April 11 - Paula Ray

Tuesday, April 11, 2023

Part of the fun of doing this project is visiting poets in their work spaces and homes. Paula Ray's home said "An artist lives here" from the moment you step off the sidewalk out front. It is a beautiful, inspiring space. No wonder she is doing so many good things in the arts!

Paula Ray  is a semi-retired psychologist and a lover of reading and writing poetry. Inspired by Marjorie Saiser and Lucy Atkins, Paula became an active member of a group of poets that meets monthly at Francie and Finch bookshop in downtown Lincoln. Paula is also an active playwright and member of the Angel’s Theatre Company Playwriting Collective. Her new work will be performed this summer in the annual First Flight Play Festival in July. In her soon to be released book, Max and the Listening Tree, Paula hopes to inspire young people to achieve a sense of personal calm and self-awareness in nature.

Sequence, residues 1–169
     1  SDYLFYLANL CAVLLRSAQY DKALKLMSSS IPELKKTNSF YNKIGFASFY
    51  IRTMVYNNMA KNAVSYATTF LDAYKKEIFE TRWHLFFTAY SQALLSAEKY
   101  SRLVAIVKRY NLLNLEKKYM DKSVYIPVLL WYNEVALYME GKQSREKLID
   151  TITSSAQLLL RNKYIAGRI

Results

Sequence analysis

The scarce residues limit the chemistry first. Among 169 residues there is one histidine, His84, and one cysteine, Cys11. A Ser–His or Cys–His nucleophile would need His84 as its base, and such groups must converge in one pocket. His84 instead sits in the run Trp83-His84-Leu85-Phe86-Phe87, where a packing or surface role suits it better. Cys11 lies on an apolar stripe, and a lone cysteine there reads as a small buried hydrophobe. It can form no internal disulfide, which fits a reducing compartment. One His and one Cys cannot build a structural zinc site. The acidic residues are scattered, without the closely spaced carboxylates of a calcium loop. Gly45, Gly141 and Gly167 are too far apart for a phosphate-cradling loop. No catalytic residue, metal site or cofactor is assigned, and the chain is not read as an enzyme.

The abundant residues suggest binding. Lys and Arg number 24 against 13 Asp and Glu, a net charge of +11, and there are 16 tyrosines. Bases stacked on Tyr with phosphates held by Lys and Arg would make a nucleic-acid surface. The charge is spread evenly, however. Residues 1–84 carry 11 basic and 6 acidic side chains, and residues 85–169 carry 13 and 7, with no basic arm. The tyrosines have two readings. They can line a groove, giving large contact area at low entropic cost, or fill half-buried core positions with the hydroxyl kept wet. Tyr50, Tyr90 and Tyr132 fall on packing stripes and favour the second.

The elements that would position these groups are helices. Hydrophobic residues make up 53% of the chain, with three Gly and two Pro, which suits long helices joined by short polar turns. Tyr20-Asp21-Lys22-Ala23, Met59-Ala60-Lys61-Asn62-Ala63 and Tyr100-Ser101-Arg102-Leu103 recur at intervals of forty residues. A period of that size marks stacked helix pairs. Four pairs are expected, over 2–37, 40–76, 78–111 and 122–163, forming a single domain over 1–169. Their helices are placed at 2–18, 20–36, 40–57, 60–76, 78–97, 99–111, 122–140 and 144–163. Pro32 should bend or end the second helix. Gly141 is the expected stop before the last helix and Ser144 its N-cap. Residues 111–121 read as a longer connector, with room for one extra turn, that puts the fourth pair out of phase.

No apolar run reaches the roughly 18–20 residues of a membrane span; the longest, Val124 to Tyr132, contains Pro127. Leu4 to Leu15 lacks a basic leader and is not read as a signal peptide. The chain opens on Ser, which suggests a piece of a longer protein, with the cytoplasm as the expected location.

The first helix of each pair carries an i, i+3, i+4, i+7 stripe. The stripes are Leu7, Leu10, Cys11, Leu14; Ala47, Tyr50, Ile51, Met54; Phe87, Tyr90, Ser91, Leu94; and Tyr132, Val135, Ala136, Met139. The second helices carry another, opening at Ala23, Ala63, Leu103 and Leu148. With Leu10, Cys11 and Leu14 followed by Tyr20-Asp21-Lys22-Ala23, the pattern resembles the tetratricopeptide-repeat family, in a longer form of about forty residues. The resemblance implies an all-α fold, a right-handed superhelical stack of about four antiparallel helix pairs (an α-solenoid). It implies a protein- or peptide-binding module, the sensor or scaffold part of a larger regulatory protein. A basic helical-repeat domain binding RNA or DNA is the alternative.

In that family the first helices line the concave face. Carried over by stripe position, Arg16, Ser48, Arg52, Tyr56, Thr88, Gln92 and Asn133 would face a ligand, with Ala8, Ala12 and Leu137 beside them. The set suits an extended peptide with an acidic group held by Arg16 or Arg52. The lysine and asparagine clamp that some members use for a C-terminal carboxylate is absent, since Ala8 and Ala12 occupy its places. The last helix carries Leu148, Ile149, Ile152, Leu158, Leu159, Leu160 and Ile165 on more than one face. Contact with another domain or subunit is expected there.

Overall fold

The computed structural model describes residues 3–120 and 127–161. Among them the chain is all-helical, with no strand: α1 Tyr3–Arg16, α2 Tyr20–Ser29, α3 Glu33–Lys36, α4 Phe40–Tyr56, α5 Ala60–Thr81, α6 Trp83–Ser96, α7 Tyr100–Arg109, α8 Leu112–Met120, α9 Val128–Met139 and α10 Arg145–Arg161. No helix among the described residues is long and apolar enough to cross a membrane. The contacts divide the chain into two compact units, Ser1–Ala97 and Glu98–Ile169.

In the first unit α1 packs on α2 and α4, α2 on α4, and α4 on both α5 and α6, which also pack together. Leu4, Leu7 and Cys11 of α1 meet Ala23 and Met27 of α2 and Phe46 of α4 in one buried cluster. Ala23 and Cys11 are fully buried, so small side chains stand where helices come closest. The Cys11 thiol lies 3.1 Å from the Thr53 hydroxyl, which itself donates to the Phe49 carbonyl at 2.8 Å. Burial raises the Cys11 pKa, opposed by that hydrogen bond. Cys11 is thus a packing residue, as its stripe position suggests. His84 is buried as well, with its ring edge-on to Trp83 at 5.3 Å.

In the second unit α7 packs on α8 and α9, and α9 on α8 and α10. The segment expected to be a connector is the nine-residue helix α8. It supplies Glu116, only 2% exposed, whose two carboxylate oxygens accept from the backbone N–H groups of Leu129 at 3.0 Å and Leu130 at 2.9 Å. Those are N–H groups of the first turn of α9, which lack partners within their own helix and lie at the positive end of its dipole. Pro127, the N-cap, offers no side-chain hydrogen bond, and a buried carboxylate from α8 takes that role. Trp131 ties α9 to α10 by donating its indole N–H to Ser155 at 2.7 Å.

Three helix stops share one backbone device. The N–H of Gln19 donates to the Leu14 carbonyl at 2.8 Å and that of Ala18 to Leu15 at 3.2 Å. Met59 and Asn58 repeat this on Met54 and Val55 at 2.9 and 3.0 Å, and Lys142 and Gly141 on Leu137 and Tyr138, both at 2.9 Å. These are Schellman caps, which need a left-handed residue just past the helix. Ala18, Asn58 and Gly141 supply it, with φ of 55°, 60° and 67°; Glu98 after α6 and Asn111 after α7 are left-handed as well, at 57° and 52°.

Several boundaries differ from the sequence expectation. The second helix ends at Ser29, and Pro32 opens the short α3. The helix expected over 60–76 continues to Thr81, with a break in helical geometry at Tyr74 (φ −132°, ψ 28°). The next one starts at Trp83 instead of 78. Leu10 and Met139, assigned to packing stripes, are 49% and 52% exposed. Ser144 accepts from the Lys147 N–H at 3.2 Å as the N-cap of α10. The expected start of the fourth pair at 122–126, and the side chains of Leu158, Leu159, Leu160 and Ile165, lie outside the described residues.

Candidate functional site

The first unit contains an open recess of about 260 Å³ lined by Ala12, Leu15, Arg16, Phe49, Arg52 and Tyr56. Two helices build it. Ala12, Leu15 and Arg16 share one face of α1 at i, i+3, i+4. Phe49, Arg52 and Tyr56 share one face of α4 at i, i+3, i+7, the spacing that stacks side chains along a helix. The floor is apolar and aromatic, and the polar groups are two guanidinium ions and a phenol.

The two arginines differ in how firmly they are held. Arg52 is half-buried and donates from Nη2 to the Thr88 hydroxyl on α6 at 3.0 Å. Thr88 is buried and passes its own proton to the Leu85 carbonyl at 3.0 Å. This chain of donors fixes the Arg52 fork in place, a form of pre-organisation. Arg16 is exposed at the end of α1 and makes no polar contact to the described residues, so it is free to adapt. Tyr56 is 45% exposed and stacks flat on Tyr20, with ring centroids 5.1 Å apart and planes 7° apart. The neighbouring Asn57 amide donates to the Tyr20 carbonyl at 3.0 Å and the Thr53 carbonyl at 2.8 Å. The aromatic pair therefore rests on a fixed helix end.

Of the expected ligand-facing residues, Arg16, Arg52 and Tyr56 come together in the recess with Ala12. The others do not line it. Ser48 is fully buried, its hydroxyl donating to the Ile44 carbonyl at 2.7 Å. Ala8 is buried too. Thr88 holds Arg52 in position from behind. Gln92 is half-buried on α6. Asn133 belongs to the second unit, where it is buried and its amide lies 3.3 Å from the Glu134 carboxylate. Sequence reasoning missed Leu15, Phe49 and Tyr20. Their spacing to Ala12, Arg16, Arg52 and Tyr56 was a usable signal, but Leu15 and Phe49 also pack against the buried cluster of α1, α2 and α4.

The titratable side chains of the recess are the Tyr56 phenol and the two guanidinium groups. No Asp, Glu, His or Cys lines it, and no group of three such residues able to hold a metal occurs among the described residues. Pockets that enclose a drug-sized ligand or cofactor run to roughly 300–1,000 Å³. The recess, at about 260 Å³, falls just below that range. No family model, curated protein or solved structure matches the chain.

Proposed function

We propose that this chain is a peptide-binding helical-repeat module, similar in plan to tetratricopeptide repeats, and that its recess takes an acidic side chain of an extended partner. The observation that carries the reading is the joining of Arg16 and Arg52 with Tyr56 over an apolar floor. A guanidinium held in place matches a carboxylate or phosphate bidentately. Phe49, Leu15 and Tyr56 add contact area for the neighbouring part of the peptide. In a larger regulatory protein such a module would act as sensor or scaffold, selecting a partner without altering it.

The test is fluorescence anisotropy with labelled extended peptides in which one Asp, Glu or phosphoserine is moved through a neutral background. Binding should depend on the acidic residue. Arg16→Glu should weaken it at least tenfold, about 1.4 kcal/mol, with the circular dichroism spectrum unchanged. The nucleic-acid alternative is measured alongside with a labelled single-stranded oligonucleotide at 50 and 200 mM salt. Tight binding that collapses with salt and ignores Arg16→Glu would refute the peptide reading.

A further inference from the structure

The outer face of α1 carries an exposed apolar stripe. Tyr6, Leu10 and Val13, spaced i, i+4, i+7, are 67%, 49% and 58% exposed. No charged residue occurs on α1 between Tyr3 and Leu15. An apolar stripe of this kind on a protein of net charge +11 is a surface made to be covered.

April 12 - Deb Carpenter-Nolting

Wednesday, April 12, 2023

Deb Carpenter-Nolting joined us via Zoom from her home in outstate Nebraska where we got a glimpse of her writing space and library. Envy is not a good look on anyone, but I was wearing it that day! Life in a library in the countryside - a writer's dream! Deb expresses her artistic side in a number of ways. She is a poet, essayist, newspaper columnist, songwriter, performing artist, and teacher. Deb is the author of three books: Grizzly Attack in Colorado: The Ed Wiseman Story (P.L.A.N. Publishers 2013); Nature’s Beauty Kit (Fulcrum Publishing 1995); and Chadron (with Ken Korte and Composition I students. Arcadia Publishing 2004). She has published articles in Nebraska Life Magazine, Colorado Life Magazine, Plains Song Review, and Cattle Business Weekly. Many of her stories and poems can be found in anthologies. She has recorded several poems and songs. Some of her work has been featured on radio and television programs. Her most recent album is Windblown, produced by Martin Gilmore in 2012.